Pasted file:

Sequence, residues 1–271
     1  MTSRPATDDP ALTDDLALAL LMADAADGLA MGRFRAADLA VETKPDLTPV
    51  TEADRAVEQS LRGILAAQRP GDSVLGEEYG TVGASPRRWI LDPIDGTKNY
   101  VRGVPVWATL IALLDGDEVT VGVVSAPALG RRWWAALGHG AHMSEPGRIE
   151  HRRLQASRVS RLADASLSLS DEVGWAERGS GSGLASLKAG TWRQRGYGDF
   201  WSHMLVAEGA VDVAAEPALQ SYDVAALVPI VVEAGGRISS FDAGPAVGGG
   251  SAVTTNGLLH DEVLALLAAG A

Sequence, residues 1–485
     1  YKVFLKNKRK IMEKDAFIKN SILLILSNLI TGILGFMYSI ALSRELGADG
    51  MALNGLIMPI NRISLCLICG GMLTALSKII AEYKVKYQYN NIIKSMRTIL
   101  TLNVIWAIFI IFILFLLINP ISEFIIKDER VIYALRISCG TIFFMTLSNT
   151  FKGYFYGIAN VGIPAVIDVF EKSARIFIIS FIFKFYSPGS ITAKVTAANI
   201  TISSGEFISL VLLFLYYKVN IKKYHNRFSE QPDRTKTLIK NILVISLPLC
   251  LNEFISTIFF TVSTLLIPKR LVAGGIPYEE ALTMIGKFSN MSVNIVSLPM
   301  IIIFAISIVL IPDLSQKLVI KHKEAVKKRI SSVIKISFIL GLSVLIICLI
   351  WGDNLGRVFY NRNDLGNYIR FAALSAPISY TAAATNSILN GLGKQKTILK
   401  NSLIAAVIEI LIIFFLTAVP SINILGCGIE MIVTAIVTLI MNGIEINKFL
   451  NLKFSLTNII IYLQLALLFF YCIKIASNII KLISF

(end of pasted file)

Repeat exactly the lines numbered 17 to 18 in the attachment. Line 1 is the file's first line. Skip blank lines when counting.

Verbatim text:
   401  NSLIAAVIEI LIIFFLTAVP SINILGCGIE MIVTAIVTLI MNGIEINKFL
   451  NLKFSLTNII IYLQLALLFF YCIKIASNII KLISF